New Hope From the Plague Village

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“THIS DAY,” WROTE SAMUEL PEPYS, “much against my will, I did in Drury Lane see two or three doors marked with a red cross upon the doors and ‘Lord have mercy upon us’ writ there—which was a sad sight to me, being the first of that kind that to my remembrance I ever saw.” It would not be the last. The date was June 7, 1665, and the nightmare was only just beginning. By July 1,000 deaths per week were reported, and by September it was 7,165. In all, 68,596 people are known to have died of bubonic plague during this outbreak, with up to 30,000 more thought to have gone unrecorded. One in five Londoners died.
High in the Derbyshire Peaks, the village of Eyam (pronounced “Eem”) seemed a world away from the nightmare that had engulfed the capital. Life continued much as normal until August, when tailor George Vicars took delivery of some cloth from London. On September 7, 1665, he became the first villager to die—killed by lethal bacteria carried in the cloth. The plague had arrived.
It was then that the villagers made an extraordinary decision. The local priest, the Rev. William Mompesson, and his predecessor, Thomas Stanley, urged them to consider the implications of their situation. The plague was in the village, but it had not yet reached their friends and relations in the surrounding area. To prevent an epidemic, they would need to isolate themselves. Mompesson proposed creating a cordon around the village so that no one would enter and no one would leave. Surrounding villages would provide food and supplies. To stay meant almost certain death, and so—urging his parishioners to accept the proposals, and aware of the sacrifice he was asking from them—Mompesson sought strength in the gospel of John 15:13: “Greater love hath no man than this, that a man lay down his life for his friends.” The villagers agreed to stay.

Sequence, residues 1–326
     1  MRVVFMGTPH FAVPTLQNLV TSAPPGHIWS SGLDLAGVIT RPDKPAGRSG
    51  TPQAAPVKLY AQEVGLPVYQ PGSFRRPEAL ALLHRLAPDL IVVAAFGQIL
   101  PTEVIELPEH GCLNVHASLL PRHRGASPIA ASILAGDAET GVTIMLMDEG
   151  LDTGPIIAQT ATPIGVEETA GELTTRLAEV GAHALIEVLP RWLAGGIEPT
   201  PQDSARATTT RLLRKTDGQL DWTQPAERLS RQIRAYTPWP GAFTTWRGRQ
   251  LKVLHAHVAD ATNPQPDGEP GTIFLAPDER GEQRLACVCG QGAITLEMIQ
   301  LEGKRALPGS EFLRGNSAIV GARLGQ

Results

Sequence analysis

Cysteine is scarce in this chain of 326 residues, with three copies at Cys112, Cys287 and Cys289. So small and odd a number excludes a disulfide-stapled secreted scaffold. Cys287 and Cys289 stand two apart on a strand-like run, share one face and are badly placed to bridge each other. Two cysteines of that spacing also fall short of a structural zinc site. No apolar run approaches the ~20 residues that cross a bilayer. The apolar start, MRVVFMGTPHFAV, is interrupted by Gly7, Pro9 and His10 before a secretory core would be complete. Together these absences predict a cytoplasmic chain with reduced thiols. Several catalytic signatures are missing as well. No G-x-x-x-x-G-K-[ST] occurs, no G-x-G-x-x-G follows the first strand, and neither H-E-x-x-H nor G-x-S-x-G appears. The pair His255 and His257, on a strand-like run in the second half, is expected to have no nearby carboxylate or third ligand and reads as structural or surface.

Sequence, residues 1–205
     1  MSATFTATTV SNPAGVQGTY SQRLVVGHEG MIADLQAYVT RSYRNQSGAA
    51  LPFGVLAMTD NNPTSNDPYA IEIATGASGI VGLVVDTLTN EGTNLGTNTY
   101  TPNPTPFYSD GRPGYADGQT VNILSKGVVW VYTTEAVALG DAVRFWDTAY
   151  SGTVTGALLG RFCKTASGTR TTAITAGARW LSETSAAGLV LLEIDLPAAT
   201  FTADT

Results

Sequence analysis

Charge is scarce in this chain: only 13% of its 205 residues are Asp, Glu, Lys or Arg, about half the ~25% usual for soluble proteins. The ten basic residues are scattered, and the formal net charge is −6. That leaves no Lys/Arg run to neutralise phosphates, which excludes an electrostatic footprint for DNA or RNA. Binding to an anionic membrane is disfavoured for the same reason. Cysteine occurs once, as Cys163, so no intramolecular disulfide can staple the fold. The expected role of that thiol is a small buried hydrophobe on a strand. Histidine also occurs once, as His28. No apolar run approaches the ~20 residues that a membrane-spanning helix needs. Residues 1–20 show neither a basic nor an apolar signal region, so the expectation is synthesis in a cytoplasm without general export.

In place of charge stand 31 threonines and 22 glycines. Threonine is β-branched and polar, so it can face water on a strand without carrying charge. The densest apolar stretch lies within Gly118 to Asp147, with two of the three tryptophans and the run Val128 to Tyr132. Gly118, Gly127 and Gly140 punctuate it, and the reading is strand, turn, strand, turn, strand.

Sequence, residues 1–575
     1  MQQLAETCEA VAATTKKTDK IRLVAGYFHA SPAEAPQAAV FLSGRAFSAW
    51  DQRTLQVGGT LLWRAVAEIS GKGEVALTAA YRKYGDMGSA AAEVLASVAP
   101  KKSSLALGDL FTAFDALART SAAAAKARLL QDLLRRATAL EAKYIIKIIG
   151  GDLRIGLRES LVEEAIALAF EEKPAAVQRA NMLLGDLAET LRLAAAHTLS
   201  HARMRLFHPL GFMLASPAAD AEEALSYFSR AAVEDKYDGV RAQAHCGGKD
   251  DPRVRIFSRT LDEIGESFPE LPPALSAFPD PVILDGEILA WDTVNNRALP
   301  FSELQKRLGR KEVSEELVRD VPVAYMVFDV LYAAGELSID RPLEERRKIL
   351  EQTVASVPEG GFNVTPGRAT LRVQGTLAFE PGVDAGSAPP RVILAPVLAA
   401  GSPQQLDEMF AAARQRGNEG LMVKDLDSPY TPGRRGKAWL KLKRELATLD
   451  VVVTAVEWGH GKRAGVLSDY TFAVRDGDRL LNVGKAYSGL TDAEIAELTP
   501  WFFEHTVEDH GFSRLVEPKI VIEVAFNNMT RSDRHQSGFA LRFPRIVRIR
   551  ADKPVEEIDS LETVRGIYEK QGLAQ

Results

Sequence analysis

As summer turned to autumn, the death toll grew. Sythe Torre died on October 6. On the 13th, William and Annie died, followed by Humphrey Torre on the 19th. By then, five members of the Thorpe family were also dead. Throughout Eyam whole families disappeared one by one. Church services were held in the open air so that members of the congregation could stand apart from each other, and each week the congregation dwindled.

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The village churchyard at Eyam is dotted with the gravestones of plague victims. Today, those graves may hold the genetic key to new drug therapies against diseases attacking the immune system.[/caption]

Autumn turned to winter, and the death rate slowed with the cold weather. It would not be until 1898 that scientists discovered that more than 90 percent of the plague bacteria Yersinia pestis was transmitted by rat fleas. At that time, many believed that the infection came from dogs and cats, and thousands of the animals were killed—ironically ensuring that the rat population grew.
Spring and summer 1666 brought more death as the warmer weather increased the rat and flea numbers. Three members of the Hancocke family died on August 7 alone, another on the 9th and another on the 10th. And so it went. On August 25, William Mompesson learned the true cost of what he had asked when his own wife, Katherine, became yet another name on the long list of the dead.